Interleukin-6 (IL-6) is an endogenous chemical which is active in inflammation, and in B cell maturation. Besides being an immune protein, it is also a pyrogen, and is responsible for fever in autoimmune, infectious or non-infectious disease. It is produced in the body, wherever there is inflammation, either acute or chronic. This includes situations such as trauma, burns, cancers and infection. It interacts with interleukin-6 receptor alpha, to induce transcription of inflammatory gene products.
Interleukin-6 is implicated in a host of chronic disease conditions associated with inflammation. Interleukin-6 is also suspected to cause increased susceptibility to diabetes mellitus, and to the systemic form of juvenile rheumatoid arthritis.
Interleukin-6 is released by monocytes and macrophages in response to other inflammatory cytokines which include interleukin-11, and tumor necrosis factor (TNF)-beta. The IL-6 receptor is present on normal T-lymphocytes in the resting phase, normal activated B-cells, and cells in the myeloid and hepatic cell lines. It is also found on B cells modified by the Epstein-Barr virus.
Interleukin-6 produces inflammatory effects by inducing the transcription of factors in multiple pathways of inflammation. These may originate with protein kinase C, cAMP/ protein kinase A, and calcium release. IL-6 is a molecule with multiple forms and functions, depending on where it is secreted. These include:
- Stimulation of acute phase reactions. These promote the activation of innate immunity, keeping tissue damage at bay. When the liver secretes these acute phase reactants, other proteins like albumin and transferrin are necessarily secreted in lesser quantities. Two major acute phase proteins are C-reactive protein (CRP), and serum amyloid A (SAA). While CRP stimulates phagocytosis, interleukin-6 enhances the production of the clotting factor fibrinogen. The production of acute phase reactants causes the onset of fever, high glucocorticoid levels, activation of complement pathways and of coagulation pathways, with a high ESR, are other manifestations.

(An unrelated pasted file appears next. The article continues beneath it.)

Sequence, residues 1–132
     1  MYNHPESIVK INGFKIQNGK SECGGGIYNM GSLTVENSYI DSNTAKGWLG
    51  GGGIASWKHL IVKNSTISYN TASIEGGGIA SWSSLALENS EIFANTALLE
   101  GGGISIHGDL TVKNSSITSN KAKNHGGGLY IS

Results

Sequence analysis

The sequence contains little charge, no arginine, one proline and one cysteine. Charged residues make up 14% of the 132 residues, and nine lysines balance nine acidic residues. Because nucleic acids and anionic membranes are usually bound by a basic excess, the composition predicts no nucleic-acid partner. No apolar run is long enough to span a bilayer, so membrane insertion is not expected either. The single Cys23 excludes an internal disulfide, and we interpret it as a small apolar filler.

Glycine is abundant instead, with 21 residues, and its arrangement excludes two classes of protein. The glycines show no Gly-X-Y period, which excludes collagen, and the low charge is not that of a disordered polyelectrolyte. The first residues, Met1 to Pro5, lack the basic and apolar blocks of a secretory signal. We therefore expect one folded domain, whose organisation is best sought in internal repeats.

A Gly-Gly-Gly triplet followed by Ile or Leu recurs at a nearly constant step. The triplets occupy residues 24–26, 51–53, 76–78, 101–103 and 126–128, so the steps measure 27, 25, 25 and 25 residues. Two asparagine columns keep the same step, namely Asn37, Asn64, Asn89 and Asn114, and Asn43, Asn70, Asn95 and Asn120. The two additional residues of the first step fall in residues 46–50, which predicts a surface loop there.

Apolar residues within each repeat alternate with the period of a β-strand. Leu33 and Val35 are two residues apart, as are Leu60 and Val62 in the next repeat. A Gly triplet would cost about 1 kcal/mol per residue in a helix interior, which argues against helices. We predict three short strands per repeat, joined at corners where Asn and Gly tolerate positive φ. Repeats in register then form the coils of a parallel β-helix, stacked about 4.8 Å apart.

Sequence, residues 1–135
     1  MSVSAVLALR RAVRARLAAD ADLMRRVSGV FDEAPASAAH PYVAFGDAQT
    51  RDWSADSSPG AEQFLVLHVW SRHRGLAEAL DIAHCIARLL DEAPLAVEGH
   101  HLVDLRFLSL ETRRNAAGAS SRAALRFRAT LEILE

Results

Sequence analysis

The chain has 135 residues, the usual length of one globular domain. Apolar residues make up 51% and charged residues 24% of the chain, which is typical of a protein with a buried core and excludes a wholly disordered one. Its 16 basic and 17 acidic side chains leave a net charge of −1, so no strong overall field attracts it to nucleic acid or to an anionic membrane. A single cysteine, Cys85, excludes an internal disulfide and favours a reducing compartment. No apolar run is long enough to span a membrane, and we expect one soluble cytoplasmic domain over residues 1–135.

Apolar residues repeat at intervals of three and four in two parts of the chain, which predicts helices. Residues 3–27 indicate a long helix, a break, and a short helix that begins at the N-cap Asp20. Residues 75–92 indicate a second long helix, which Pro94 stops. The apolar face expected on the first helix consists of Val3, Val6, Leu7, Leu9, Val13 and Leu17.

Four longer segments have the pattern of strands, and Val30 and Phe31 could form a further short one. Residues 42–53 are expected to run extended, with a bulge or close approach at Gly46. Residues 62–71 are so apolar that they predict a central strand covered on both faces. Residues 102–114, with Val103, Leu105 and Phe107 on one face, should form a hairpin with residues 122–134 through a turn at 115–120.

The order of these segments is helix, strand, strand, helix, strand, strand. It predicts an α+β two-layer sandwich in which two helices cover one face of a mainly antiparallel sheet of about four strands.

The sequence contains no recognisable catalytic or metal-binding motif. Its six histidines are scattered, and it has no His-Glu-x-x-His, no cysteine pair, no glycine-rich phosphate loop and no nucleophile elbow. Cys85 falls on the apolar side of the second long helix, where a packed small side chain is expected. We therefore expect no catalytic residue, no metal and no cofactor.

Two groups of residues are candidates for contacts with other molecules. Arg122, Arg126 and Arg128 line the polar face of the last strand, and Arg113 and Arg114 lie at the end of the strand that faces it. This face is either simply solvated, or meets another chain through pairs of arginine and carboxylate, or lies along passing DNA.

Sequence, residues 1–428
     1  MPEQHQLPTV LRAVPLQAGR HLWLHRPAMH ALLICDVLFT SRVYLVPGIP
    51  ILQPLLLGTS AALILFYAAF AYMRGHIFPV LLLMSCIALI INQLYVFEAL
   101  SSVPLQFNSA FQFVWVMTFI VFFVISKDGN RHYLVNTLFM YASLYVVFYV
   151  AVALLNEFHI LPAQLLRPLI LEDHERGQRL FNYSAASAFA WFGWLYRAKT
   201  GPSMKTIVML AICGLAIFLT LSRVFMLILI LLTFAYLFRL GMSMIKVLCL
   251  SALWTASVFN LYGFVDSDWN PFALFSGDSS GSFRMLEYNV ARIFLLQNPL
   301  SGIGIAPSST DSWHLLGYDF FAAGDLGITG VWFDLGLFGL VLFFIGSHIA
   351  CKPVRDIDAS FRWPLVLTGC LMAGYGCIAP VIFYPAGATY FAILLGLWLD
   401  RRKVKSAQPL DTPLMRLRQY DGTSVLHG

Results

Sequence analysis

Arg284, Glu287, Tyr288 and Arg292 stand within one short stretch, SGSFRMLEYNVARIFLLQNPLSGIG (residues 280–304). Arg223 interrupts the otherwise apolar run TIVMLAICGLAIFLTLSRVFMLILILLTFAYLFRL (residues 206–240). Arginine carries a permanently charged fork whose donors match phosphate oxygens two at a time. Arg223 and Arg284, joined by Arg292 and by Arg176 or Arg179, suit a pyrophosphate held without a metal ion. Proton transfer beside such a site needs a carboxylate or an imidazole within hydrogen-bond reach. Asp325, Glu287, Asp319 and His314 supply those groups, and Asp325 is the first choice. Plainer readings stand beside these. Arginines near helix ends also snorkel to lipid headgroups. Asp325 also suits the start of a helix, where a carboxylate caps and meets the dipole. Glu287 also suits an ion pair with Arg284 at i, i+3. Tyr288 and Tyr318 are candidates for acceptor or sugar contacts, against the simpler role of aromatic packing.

- Interleukin-6 also helps T-cells to differentiate early in their development. It is required for progenitor cell development, and also for T-cell and NK cell activation. In addition, it helps them to achieve pathogen lysis inside the cells.
- Interleukin-6 also helps B-cells differentiate and proliferate, and promotes the formation of plasma cells from B-cells. In addition, as a growth factor for these cells, it enhances antibody release, in the form of IgA and IgG.
- Interleukin-6 is also vital for the development of blood cells, whether white cells, red cells or platelets. It seems to play an important role in the development of Kaposi’s sarcoma, and multiple myeloma.
- IL-6 also leads to the activation of osteoclasts and osteoporosis. It also induces the secretion of vascular endothelium growth factor (VEGF), which leads to the increased growth of blood vessels and vascular permeability in inflammation.
Thus IL-6 participates in the short-term defence against infection or injury, and warns the immune system against the source of inflammation. However, defective regulation of this molecule results in disease.
Interleukin-6 deficiency has profound effects on immune activation and IgA antibodies. On the other hand, interleukin-6 overexpression has equally important effects. Acting through different pathways, IL-6 creates an immunological imbalance between Th-17 cells and Treg cells, resulting in autoimmune pathology. Defective IL-6 regulation may also produce lymphoid malignancies, and may be due to a mutation in the IL-6 gene.
Tocilizumab, a drug which inhibits the interleukin-6 receptor, has been studied as a therapeutic helper in a variety of chronic inflammatory disorders, including rheumatoid arthritis, juvenile rheumatoid arthritis, and Castleman’s disease. Interleukin-6 is also used as a biological response modifier. It is used to enhance the response to chemotherapy by stimulating the immune response in cancer.